My Mom's been sick with a UTI since Wednesday. Her blood count is very low and her BUN and Creatinine are elevated. Everything points to the beginning of renal failure. When really old people get UTIs, the infection can knock them for a loop. In addition to being very weak physically, Mom's also been foggy and confused.
Joe and I went to her assisted living home yesterday afternoon; she was in bed and passed out when I got there. It was 3:30. I woke her up to tell her I was there. She recognized me, but she was really out of it and somewhat confused. The aide came in and told me that the nurse wanted to talk to me.
That's a bad sign right there, isn't it?
The upshot of the conversation was that she was now on an antibiotic for the UTI and had received a Procrit treatment for the low blood count. (Procrit is insanely expensive: $1000 per shot. Yes, that's one thousand dollars. I am amazed her insurance approved it.) The doctor said that if she didn't improve a lot, and improve a lot quickly, that perhaps it would be time to consider hospice.
I ended up spending the night, sleeping on the sofa, because... well, because. The nurse suggested that perhaps we should hire a private duty nurse, but there is no money for private duty nurses. My unspoken thought was "I'm sorry, but is this not your job?" I knew I didn't have to stay, but... well, if something had happened and I had gotten The Phone Call, I would have... had to go into therapy.
The night was weird. I did sleep, but fitfully, because Mom chattered away in her sleep all night long. At first, it was just soft gibberish. Then, very clearly, she said, "Look at this apartment! So many rooms!"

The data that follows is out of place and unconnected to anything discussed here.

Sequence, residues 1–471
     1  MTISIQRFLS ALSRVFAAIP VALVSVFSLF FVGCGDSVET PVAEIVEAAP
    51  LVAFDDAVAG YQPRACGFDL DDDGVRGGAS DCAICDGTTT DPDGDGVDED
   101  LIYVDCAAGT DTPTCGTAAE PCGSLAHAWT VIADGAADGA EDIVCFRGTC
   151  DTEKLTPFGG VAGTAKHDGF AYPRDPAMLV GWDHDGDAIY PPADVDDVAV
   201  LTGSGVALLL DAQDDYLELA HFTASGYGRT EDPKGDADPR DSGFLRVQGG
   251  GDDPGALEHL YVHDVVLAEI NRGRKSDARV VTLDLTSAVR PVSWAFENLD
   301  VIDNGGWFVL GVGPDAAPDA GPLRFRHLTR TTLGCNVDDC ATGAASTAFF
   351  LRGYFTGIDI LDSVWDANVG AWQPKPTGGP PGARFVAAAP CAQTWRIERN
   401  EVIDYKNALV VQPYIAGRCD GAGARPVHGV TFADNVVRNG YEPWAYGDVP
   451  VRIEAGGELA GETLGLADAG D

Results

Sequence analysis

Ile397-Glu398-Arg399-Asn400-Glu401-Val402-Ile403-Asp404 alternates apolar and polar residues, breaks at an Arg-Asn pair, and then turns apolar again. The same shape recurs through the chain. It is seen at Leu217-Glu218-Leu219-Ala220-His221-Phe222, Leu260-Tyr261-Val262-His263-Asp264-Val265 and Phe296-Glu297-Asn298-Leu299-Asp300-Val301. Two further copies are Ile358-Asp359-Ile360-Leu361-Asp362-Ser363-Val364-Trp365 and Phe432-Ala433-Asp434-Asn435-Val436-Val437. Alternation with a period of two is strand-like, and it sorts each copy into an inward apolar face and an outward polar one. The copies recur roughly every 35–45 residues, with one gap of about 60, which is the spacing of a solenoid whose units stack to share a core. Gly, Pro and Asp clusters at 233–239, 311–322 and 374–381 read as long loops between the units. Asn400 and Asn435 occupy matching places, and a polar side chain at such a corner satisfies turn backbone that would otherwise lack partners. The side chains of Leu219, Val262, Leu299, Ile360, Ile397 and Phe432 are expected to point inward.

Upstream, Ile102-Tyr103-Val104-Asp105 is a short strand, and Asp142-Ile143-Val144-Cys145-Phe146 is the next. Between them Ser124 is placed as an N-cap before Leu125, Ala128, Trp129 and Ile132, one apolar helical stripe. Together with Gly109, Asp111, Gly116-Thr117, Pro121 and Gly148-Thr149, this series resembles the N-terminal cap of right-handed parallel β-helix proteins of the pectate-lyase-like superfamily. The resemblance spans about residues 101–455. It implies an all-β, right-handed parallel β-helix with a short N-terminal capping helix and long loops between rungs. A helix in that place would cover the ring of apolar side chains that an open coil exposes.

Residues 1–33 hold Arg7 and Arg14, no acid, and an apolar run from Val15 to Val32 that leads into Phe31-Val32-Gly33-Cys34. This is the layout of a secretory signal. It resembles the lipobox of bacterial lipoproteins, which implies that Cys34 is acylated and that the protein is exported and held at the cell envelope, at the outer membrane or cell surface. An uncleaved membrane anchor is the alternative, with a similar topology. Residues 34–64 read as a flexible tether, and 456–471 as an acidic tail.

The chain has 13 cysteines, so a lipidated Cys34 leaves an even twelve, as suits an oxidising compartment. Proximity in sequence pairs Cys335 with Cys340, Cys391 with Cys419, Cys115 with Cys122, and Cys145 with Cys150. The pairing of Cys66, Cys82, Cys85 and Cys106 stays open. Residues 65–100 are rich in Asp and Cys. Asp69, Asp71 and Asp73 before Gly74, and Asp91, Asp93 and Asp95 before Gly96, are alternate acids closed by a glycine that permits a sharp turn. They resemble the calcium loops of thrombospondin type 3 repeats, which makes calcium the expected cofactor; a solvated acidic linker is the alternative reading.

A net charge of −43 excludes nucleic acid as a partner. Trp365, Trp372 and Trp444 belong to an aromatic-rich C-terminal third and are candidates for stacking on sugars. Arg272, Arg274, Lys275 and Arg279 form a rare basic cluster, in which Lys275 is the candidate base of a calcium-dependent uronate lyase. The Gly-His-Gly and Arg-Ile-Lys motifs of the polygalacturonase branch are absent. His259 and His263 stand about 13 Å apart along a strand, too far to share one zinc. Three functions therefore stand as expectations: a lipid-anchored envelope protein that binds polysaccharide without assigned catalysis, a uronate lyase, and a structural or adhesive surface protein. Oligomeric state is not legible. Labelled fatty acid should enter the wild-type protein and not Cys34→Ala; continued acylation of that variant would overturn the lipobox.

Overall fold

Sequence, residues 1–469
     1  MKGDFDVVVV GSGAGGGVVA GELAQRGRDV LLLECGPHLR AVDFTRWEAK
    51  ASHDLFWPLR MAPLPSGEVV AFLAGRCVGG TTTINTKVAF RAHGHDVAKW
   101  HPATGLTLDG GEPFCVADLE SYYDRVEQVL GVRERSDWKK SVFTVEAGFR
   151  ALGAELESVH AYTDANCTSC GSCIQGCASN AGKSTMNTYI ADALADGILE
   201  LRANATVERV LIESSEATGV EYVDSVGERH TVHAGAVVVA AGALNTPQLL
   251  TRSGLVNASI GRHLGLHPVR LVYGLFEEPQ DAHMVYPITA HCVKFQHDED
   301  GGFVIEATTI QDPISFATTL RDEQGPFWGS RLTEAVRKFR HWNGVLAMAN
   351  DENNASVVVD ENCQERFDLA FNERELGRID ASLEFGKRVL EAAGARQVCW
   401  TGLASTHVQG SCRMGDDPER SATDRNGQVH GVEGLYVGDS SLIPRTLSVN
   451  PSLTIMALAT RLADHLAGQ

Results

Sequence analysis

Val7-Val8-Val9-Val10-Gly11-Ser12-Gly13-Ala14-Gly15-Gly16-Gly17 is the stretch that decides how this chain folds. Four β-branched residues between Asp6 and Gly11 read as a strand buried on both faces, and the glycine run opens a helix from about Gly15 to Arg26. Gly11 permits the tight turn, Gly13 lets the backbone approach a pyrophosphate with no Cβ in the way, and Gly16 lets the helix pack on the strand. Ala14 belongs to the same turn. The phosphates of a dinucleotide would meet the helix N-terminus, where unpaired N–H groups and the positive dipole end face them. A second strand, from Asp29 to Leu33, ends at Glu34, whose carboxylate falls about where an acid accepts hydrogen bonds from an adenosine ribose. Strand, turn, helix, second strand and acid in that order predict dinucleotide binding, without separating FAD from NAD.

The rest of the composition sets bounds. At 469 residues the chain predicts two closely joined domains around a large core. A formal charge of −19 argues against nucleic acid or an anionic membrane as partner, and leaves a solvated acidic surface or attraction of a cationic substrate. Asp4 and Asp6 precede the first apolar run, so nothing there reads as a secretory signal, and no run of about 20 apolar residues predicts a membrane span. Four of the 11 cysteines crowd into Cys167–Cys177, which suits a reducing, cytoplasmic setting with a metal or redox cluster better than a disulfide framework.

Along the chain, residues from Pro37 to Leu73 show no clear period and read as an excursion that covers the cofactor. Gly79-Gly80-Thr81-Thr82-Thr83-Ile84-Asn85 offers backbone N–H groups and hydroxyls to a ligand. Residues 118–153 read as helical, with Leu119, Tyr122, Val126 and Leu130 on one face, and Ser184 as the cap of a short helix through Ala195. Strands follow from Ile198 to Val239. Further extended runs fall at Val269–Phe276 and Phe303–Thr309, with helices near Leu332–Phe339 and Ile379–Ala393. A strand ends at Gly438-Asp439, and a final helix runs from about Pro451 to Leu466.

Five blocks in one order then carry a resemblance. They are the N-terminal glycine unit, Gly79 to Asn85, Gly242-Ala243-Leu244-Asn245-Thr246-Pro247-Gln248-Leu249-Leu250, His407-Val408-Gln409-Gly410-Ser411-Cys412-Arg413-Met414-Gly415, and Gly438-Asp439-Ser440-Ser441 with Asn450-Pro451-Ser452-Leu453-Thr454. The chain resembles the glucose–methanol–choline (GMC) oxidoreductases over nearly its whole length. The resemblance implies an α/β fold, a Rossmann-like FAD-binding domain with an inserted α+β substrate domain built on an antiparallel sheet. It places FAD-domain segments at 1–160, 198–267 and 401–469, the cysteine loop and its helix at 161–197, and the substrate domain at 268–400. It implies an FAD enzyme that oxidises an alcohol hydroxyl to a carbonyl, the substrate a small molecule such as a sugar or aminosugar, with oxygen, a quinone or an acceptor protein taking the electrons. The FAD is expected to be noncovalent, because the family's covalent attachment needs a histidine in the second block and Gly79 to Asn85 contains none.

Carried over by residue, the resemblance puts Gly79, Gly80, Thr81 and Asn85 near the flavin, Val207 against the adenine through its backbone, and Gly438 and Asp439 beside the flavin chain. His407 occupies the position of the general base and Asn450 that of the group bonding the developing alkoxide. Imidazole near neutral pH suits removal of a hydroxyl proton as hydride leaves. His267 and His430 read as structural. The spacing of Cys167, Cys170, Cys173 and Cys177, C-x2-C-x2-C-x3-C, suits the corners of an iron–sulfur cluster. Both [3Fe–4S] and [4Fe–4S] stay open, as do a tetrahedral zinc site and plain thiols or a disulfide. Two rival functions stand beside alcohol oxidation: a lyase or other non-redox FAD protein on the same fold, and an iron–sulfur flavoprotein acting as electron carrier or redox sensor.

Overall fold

Then she started calling for my uncle and my gramma, both of whom have been dead for years.
"Charles! Charles! Mother? Charles! Charles! Charles! Charles!" clear as a bell. Then she drifted off again.
Later -- I have no idea how much later -- she started hollering for my sister, then my brother. She called and called, loudly, sometimes forcefully, sometimes angrily. She called them as if she were calling them from playing, with a singsong tone. She called them as if she were going to scold them, demanding they show up right now.
Each episode lasted about 15 minutes, or so it seemed to me, as I lay on the sofa in the darkest part of the night, when there is no time, just darkness, just calling. My gramma, my uncle, my sister, my brother.
She seemed a little better this morning, slightly stronger, a little more with it. She ate an egg and a couple pieces of bacon. The aide gave her a sponge bath and dressed her in clean clothes and sat her in the chair. She slept away the day, though, only rousing for lunch or when the nurse came in to give her pill or take her blood pressure.
Then, just before I left, she asked me, "How does that place we were last night correspond to the building?"
I said, "Mom, we were right here all night. You were in bed by 6:30."
"Oh no, we weren't. What was that place where we were?"
What indeed? What is that place that your spirit goes, when you're on the edge of life? Is it just brain chemicals and BUN and low blood count, or is it something else, something you don't see or hear or know until you experience it for yourself? An apartment with so many rooms, where you see your mother and your brother and you call for them -- and then you call for your children, your living children, because it's not quite time to go there.
It's not quite time.